Child labour in the brickyards, 1871: ‘permanent weakness or deformity’

 

Our pictures (SO127, SO145) show little girls labouring in a brickyard. These engravings first appeared in the Graphic magazine of 10 June 1871, and the accompanying article had this to say about child labour:

‘There are not wanting advocates in favour of the present system of child labour in brickfields, and by these it is contended that many of the alleged instances of improper child-employment are simply cases of children bringing meals to their parents or other relatives, and staying for an hour or two … But this does not in any way invalidate the statements respecting the excessive amounts of labour exacted from thousands of children of tender years …

‘There are many upon whose tender frames the excessive labour tells with terrible effect, sometimes producing permanent weakness or deformity. This is particularly the case with the pusher-out, who has to carry 210 to 270 lbs weight of bricks at one time on a one-wheeled spring barrow, a distance of fifty yards or more. Children often begin at a very early age this kind of work, and we hear of both boys and girls becoming crippled thereby. In like manner the “pug-boys” are injured by continually lifting heavy masses of clay, weighing from 30 to 40 lbs each. A boy of twelve years old will lift from the ground this weight of clay and bear it a distance of five yards up an incline 123 times in the course of a single hour. The heavy loads carried by market-porters seem insignificant compared with those of the brickyard children. By the time the young worker has attained the age of thirteen or fourteen, he will have carried or lifted a far heavier aggregate weight than many of the strongest Covent Garden porters have borne during a whole lifetime.

‘The physical results of such undue exertion are often most injurious. We are told that a girl who began at nine years old to load for her father had at thirteen a crooked ankle and a knee grown out at one side … The pug-boys frequently suffer from having to carry the lumps of cold wet clay against their chests, especially in damp weather. “After a frosty night in April, for instance,” said a workman, “the damp clay strikes very cold.” We should think so. How many English parents are there who would like their little ones to be so employed? It reads like a page from the history of negro slavery in America …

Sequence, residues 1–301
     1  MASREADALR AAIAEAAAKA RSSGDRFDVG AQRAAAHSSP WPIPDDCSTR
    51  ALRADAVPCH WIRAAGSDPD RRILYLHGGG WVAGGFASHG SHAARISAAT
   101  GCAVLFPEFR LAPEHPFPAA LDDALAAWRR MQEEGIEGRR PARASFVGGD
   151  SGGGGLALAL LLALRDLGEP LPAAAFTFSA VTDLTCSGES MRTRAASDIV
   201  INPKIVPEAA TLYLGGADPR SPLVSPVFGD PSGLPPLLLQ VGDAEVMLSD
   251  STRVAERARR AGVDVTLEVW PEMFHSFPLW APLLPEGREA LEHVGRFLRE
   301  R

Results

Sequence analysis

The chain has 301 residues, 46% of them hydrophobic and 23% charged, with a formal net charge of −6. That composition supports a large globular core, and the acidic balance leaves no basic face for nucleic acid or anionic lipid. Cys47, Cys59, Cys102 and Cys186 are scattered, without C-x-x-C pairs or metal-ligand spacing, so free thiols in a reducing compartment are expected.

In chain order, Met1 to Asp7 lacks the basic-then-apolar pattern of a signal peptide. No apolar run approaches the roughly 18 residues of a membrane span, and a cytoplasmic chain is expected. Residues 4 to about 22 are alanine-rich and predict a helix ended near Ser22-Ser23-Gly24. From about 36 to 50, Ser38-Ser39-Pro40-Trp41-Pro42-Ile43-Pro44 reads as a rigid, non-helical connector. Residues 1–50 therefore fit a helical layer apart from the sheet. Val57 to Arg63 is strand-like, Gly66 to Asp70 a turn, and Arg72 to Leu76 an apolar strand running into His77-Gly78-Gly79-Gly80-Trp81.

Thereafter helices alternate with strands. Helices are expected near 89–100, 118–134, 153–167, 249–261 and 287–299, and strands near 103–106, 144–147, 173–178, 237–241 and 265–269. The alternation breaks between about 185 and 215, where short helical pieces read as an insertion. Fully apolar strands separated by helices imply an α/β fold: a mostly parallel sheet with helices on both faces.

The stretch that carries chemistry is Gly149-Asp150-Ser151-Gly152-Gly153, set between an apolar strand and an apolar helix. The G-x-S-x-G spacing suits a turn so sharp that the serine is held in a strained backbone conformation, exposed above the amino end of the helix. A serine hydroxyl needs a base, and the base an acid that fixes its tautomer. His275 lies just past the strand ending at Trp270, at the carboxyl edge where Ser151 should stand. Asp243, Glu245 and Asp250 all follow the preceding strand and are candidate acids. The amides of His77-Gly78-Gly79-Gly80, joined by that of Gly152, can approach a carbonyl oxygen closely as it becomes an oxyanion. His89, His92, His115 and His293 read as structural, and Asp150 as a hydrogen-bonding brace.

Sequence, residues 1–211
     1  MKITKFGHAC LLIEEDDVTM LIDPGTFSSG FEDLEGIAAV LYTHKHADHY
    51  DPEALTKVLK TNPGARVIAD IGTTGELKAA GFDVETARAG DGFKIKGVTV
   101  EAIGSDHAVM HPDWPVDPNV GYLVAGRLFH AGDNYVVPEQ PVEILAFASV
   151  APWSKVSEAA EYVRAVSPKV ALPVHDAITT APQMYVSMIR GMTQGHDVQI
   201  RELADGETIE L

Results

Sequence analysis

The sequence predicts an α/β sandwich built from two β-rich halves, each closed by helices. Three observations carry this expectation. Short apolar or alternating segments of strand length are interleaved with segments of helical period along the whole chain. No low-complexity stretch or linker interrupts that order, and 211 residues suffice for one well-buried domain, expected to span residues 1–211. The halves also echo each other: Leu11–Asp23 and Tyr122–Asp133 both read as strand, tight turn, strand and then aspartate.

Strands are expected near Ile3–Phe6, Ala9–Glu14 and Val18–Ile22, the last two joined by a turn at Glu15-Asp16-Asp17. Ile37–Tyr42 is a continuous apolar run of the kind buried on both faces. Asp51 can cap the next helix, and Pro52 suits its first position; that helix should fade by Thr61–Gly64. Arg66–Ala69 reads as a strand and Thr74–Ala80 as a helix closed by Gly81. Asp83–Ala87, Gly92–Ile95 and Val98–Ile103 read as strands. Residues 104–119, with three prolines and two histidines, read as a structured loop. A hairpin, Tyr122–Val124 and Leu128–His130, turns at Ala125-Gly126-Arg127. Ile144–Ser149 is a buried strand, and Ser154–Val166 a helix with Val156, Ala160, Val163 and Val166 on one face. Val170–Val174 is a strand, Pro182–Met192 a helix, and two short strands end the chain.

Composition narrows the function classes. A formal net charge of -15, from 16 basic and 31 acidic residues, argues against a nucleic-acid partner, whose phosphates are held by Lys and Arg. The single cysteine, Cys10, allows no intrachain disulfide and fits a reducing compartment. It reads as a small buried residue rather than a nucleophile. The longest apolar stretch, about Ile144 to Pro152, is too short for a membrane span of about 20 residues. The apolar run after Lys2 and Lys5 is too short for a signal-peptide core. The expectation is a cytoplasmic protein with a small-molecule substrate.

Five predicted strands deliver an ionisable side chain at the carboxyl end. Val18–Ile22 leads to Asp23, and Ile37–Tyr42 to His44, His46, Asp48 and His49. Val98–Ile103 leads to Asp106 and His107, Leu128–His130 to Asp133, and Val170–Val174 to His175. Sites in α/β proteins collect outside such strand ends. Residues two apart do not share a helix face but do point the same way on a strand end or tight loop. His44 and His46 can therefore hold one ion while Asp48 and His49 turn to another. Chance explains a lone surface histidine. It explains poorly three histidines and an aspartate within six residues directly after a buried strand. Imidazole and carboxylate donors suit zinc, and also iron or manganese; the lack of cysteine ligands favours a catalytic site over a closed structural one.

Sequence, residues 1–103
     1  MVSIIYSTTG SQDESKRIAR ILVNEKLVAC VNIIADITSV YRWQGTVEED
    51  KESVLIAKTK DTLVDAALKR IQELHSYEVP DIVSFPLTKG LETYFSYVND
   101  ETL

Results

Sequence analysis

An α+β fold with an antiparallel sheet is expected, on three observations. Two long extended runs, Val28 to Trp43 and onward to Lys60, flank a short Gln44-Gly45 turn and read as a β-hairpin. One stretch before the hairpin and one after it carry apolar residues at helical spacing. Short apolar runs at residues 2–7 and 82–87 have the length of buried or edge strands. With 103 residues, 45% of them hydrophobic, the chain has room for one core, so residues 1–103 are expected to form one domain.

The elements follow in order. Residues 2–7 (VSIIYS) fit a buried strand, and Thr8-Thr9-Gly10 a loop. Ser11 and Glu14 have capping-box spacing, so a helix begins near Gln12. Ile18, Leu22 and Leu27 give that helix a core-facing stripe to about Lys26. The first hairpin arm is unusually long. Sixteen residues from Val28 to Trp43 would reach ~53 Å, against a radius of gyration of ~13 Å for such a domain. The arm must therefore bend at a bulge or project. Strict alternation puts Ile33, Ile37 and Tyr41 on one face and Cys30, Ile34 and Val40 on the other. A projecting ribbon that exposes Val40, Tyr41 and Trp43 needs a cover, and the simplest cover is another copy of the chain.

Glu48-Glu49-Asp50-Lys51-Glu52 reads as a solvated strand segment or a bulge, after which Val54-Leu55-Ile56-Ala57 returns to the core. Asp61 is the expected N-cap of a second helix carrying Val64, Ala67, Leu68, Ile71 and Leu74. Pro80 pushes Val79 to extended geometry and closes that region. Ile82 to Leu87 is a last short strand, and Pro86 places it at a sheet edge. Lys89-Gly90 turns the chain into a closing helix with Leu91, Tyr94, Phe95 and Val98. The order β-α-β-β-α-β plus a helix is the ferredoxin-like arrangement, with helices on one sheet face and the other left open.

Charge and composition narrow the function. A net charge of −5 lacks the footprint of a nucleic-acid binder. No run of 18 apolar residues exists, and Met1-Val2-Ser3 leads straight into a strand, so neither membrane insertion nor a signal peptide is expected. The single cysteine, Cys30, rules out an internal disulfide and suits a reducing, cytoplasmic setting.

‘The sifting of coal dust is a very unhealthy process, and for hours afterwards those so employed are continually expectorating coal dust. Punching out the holes is sometimes done while the brickkilns are still full of fire, or when they have to be cleansed out before being relighted. It is done by means of heavy crowbars and hammers. The children keep the fires fed with coal, and it often follows that the girls, from the ragged character of their dress, catch fire, and have their limbs and hair singed …

‘All industrial establishments should be placed under the Factory Act’.

The Factory Act (1833) had prohibited the employment in factories (but not in other places of work) of children younger than nine, and had ordered that children of nine to thirteen should only work for a limited number of hours. In 1878 the Act was revised so that children no younger than ten should be employed, and this was to apply to all trades, not just factories. This was reinforced by the Education Act of 1880 which made schooling compulsory up to the age of ten. By the end of the Victorian era schooling was compulsory up to the age of twelve.

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